Randal A. Burd, Jr.
Randal A. Burd, Jr. is a married father of two and an educator who works with
the disadvantaged in rural Missouri. He holds a master's degree in English
Curriculum & Instruction from the University of Missouri. Randal is currently
the Editor-in-Chief of Sparks of Calliope magazine. His latest collection of
poems, Memoirs of a Witness Tree, is forthcoming from Kelsay Books in Summer
The Edge of Memory
His laughter still infects across the years,
Long absent since the days he was around—
The video conserves the cherished sound—
Distorted by effects of time and tears.
He occupies the edge of memory.
His ghost still haunts me when I least expect.
Yet, when I pause and try to recollect,
He hides in haze devoid of clarity.
So different than the person in my mind,
The one who now appears upon the screen
Objectively preserved, but seldom seen,
Is more authentic and far less refined.
I cannot trust my head to hold what's dear;
My heart and time are sure to interfere.
Originally published by Poetry Breakfast
On Better Days
On better days, the scented summer air
Would softly blow and gently tease my hair;
Few news events gave rise to much alarm;
We never felt we'd come to any harm;
The world had problems, but we didn't care.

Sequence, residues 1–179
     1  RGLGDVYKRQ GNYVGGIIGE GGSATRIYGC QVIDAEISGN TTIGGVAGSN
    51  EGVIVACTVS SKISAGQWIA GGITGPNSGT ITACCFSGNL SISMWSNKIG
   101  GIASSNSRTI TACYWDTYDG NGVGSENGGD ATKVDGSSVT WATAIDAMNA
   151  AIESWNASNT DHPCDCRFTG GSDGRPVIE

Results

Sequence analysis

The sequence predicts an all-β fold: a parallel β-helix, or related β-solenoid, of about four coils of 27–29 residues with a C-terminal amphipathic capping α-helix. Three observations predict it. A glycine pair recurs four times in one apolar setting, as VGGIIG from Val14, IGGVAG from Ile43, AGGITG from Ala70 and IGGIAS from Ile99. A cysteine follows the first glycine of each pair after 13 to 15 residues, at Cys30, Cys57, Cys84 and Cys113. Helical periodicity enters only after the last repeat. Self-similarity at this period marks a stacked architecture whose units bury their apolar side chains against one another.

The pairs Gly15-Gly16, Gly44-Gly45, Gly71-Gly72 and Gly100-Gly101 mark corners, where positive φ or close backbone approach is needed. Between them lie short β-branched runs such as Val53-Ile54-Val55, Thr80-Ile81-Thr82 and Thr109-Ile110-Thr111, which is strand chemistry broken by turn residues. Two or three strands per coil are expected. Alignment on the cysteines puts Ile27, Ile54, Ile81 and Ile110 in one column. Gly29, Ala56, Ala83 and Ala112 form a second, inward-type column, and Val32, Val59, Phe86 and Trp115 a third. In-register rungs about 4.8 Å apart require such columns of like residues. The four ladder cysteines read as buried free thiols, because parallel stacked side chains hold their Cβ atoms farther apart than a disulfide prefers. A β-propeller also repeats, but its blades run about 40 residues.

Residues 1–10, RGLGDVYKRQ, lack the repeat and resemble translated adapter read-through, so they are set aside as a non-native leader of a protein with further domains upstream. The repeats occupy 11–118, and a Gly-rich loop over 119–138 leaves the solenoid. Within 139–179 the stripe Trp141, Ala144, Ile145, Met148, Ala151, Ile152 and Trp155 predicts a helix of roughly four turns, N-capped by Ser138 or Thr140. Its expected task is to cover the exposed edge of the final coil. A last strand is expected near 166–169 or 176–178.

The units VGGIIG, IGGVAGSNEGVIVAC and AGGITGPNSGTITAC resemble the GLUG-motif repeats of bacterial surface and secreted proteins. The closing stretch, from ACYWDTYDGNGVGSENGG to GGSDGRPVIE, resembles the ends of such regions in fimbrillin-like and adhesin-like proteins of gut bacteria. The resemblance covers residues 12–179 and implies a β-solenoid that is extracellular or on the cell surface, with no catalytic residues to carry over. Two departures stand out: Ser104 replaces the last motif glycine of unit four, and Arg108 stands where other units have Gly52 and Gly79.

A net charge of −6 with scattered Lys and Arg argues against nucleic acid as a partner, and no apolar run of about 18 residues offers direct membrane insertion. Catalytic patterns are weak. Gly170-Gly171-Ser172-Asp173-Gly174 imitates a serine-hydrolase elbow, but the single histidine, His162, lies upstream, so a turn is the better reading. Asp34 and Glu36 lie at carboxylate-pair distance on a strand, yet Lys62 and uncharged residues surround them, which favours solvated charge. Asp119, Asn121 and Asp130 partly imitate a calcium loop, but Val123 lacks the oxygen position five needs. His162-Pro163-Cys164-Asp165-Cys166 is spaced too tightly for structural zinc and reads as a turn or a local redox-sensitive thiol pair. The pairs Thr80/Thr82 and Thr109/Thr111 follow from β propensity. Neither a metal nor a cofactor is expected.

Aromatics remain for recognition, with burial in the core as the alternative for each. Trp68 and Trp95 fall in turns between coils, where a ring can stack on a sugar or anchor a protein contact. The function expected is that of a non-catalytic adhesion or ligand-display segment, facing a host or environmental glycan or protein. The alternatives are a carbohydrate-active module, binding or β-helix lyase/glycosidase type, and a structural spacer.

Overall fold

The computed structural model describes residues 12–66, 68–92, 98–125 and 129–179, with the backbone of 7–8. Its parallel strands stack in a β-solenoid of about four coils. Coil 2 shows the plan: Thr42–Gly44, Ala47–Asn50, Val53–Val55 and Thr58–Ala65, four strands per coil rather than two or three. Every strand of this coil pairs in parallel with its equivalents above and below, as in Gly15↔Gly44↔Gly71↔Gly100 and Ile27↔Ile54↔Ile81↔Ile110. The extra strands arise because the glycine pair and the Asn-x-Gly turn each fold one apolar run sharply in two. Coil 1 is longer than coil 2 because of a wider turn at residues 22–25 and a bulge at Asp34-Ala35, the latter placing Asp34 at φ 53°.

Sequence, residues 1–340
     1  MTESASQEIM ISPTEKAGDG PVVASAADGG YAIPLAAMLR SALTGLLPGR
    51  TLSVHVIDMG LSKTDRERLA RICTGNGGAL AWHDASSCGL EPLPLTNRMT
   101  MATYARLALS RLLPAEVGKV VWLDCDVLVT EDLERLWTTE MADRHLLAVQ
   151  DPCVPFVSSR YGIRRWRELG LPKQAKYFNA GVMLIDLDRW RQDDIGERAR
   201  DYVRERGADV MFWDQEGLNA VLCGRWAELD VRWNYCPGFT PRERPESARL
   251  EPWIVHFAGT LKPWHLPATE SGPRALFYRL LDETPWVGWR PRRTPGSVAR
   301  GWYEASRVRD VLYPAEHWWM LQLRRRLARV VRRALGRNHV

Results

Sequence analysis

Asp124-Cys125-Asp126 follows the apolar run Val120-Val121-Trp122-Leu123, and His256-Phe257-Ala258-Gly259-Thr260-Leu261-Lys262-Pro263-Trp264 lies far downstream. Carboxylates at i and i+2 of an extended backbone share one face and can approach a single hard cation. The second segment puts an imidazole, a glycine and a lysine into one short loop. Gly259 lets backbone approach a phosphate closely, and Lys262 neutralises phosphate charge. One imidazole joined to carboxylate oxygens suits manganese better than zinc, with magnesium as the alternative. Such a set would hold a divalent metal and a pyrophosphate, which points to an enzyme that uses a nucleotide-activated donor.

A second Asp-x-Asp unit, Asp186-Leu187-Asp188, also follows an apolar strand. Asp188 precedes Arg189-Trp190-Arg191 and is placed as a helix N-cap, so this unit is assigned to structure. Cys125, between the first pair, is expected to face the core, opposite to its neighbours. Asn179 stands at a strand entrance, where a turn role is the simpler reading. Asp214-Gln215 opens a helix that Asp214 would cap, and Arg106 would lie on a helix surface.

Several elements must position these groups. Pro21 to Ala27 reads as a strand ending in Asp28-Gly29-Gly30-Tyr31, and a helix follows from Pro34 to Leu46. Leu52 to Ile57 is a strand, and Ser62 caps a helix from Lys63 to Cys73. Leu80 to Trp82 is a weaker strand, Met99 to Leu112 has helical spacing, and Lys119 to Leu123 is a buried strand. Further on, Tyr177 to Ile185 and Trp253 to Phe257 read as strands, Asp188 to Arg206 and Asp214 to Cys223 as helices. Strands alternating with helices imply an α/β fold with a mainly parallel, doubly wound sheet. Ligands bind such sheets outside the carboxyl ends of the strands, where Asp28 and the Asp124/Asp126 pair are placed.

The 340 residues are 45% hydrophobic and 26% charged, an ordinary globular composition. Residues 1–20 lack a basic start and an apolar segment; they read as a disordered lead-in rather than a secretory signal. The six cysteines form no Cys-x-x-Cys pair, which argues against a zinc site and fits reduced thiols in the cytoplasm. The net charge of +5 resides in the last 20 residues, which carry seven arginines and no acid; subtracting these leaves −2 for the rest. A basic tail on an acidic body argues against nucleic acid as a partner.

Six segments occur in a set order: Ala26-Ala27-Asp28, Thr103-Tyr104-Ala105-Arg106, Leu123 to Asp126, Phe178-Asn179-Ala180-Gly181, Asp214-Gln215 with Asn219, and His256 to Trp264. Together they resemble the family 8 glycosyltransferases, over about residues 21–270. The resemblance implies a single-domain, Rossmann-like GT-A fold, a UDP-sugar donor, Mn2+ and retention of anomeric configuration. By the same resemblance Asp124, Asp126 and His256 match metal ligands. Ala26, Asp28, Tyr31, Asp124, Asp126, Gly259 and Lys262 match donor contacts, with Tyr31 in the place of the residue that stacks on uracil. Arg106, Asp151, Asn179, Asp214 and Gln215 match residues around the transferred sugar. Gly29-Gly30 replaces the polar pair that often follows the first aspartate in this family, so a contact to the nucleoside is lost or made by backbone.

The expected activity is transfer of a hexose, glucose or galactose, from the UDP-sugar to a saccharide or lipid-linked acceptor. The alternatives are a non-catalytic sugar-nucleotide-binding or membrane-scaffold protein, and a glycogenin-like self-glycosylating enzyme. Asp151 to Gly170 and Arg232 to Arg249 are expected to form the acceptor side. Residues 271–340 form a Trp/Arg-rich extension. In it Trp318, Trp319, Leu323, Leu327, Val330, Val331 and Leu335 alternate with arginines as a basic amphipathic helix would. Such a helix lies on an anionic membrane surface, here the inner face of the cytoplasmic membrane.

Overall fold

But now we're told we always must prepare
For darker times ahead. The headlines scare
More than inform—incite more than disarm.
On better days,
My thoughts return more frequently to where
An optimistic child once played, and there
On summer days exploring grandpa's farm,
The future's possibilities had charm,
And we had positivity to spare...
On better days.
Echoes of Yesterday
She often sat here decades long before
The writing there was added to the wall,
Wrapped snugly in her favorite knitted shawl,
Forgetting pains she'd chosen to ignore.
Her memory has faded like this chair—
Its finish chipped away, its cushions torn—
Few people now around were then to mourn,
And fewer still know who was sitting there.
It's easy to forget she settled here
And lived and worked with dreams of better days.
An optimist, she'd often count the ways
Tomorrow'd be the highlight of her year.
Yet now this soul has long returned to dust;
Possessions left to chip and fade and rust.
Originally published by Nine Muses Poetry